News / Middle East

White House: There Will Be Response to Syrian Chemical Attack

US Military 'In Place' for Possible Air Strikes Against Syriai
X
August 28, 2013 10:22 AM
The United States is working to build international support for possible military action in response to last week's chemical weapons attack in Syria. VOA State Department Correspondent Scott Stearns reports, Syria's government denies responsibility for that attack and says it will defend itself with "all means available."
Related video report by Scott Stearns at the State Department.
VOA News
President Barack Obama has decided there will be a response to the Syrian government's alleged use of chemical weapons, and the White House says he is now working with his national security team to determine what it will be.
 
Spokesman Jay Carney says there was "no doubt" that poison gas was used during an August 21 attack in suburban Damascus.

At a Tuesday briefing, Carney said there is very little doubt the Syrian government was responsible for the attack, which he called a "flagrant violation" of international laws.
 
"The president believes that this is a grave transgression and it merits a response," he said. "He will obviously take the time necessary to evaluate the options available to him in deciding upon what is the appropriate response by the United States in consultation with our allies and partners in consultation with leaders in Congress."
 
Carney also said that later this week the U.S. will release an intelligence report on the poison gas attack.
 
MAP: Suspected chemical weapon attack sites, DamascusMAP: Suspected chemical weapon attack sites, Damascus
x
MAP: Suspected chemical weapon attack sites, Damascus
MAP: Suspected chemical weapon attack sites, Damascus
The Syrian government has denied launching any chemical attack and has blamed rebels for last's week strike that left hundreds dead.

Defense Secretary Chuck Hagel speaks during a news conference at the Pentagon, July 31, 2013.Defense Secretary Chuck Hagel speaks during a news conference at the Pentagon, July 31, 2013.
x
Defense Secretary Chuck Hagel speaks during a news conference at the Pentagon, July 31, 2013.
Defense Secretary Chuck Hagel speaks during a news conference at the Pentagon, July 31, 2013.
Earlier Tuesday, U.S. Defense Secretary Chuck Hagel said the American military is ready to act against Syria for its alleged use of chemical weapons. Hagel told the BBC that the U.S. military has "moved assets in place" and will be able to "fulfill and comply" with any option President Obama wishes to take.
 
News reports say the U.S. and several other Western powers are considering a limited, targeted response to Damascus' alleged use of chemical weapons to punish Syrian President Bashar al-Assad.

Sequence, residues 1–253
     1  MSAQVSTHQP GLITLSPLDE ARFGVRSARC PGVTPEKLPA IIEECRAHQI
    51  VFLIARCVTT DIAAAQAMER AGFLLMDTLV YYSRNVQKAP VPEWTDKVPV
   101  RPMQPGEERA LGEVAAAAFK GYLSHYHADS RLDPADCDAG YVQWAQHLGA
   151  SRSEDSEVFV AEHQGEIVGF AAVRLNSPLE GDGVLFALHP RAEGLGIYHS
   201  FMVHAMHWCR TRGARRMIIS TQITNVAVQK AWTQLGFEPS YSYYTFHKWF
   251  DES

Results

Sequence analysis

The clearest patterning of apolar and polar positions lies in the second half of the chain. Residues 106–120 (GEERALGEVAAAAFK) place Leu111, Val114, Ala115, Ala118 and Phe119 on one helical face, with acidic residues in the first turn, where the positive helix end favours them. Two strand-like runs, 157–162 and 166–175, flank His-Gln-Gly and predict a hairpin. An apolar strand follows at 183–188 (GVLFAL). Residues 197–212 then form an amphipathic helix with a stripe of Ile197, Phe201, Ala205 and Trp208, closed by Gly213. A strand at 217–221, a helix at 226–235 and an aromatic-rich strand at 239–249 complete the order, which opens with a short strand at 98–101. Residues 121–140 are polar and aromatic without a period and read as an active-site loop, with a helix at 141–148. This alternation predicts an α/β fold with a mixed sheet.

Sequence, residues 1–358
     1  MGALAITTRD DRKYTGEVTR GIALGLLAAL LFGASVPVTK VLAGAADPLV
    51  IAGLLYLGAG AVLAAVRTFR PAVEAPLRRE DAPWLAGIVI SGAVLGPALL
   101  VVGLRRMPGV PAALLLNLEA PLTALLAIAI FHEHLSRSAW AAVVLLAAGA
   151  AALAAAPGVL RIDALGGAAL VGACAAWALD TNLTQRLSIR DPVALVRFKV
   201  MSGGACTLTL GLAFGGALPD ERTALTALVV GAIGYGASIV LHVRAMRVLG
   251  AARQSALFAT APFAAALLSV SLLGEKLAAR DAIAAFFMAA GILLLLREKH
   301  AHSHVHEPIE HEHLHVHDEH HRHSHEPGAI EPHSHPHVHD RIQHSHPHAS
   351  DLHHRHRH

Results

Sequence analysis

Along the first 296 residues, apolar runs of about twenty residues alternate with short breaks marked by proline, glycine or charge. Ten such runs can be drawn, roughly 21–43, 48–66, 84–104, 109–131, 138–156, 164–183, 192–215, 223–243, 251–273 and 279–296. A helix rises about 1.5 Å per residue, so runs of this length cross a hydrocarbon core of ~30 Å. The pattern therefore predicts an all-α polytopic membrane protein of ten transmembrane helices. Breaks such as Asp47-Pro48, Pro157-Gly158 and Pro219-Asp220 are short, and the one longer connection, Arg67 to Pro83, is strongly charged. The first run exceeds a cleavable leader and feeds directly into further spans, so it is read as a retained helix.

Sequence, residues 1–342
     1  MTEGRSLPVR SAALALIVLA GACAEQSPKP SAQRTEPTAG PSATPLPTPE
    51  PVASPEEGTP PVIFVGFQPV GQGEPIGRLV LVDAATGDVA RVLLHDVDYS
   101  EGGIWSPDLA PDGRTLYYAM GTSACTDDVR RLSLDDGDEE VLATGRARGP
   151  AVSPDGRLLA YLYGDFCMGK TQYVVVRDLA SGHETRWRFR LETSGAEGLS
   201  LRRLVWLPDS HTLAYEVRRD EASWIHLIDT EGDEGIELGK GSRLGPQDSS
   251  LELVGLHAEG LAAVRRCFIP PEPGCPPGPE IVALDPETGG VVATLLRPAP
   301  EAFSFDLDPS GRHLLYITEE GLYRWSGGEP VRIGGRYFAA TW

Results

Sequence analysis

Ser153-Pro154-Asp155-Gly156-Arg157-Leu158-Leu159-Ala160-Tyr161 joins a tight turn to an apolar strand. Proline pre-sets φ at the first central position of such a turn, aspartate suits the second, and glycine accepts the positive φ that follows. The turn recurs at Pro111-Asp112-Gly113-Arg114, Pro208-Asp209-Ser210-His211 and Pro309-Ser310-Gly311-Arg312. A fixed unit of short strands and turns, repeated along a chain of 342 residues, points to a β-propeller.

A U.N. team is in Syria to investigate the alleged use of chemical weapons but its mission was delayed Tuesday due to security concerns.
 
Stephen Zunes, a professor of Middle East studies at the University of San Francisco, says that while there is pressure on the United States to take military action, there are limits to what strikes can accomplish.
 
"The impulse is quite understandable, but on a practical level it does not seem that it would make such a difference in terms of the military balance, given that the rebel forces are divided into literally hundreds of different militia, some of which are as anti-Western or more so than the regime," he said.
 
Michael O'Hanlon, a Brookings Institution foreign policy and security expert, says Obama had been reluctant to step up U.S. engagement in Syria. However, he told Alhurra TV that Assad has pushed the U.S. and the international community "one step too far."
 
"What President Assad has done is to force President Obama to consider options that previously that he had not been willing to consider, and I think President Assad is going to realize that he made a very tragic mistake, not only for the hundreds of people killed but even for the good of his own regime."
 
The U.S. on Tuesday postponed a meeting with Russian officials scheduled for later this week to discuss the situation in Syria.
 
Russia and China have repeatedly blocked actions at the United Nations to impose sanctions on the Syrian government for assaults on the civilian population during the civil war.
 
Some information for this report was provided by AP, AFP and Reuters.

  • In this citizen journalism image provided by Edlib News Network, ENN, Syrians search under rubble to rescue people from houses that were destroyed by a Syrian government warplane in Idlib province, August 30, 2013.
  • In this citizen journalism image provided by Edlib News Network, ENN, smoke rises after explosives were dropped by a Syrian government warplane in Idlib province, August 30, 2013.
  • In this image taken from video obtained from the Shaam News Network, U.N. investigators gather potential evidence in a Damascus suburb, August 28, 2013.
  • This citizen journalism image provided by the United media office of Arbeen shows Syrians moving a man who was allegedly exposed to chemical weapons to show him to U.N. investigators in a Damascus suburb, August 28, 2013.
  • This citizen journalism image provided by the United media office of Arbeen shows U.N. investigators in a suburb of Damascus, August 28, 2013.
  • Free Syrian Army fighters carry their weapons as they escort U.N. vehicles carrying chemical weapons experts at the site of an alleged chemical weapons attack in a Damascus suburb, August 28, 2013.